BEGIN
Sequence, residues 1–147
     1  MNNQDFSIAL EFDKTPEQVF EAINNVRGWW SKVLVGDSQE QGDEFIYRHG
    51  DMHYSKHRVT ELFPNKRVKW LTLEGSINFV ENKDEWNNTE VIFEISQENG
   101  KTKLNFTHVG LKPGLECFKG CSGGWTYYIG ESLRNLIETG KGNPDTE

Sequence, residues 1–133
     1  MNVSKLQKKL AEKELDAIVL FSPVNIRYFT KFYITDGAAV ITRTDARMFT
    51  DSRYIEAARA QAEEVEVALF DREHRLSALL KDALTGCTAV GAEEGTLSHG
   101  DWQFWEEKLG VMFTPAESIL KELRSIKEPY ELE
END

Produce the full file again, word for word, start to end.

Sequence, residues 1–147
     1  MNNQDFSIAL EFDKTPEQVF EAINNVRGWW SKVLVGDSQE QGDEFIYRHG
    51  DMHYSKHRVT ELFPNKRVKW LTLEGSINFV ENKDEWNNTE VIFEISQENG
   101  KTKLNFTHVG LKPGLECFKG CSGGWTYYIG ESLRNLIETG KGNPDTE

Sequence, residues 1–133
     1  MNVSKLQKKL AEKELDAIVL FSPVNIRYFT KFYITDGAAV ITRTDARMFT
    51  DSRYIEAARA QAEEVEVALF DREHRLSALL KDALTGCTAV GAEEGTLSHG
   101  DWQFWEEKLG VMFTPAESIL KELRSIKEPY ELE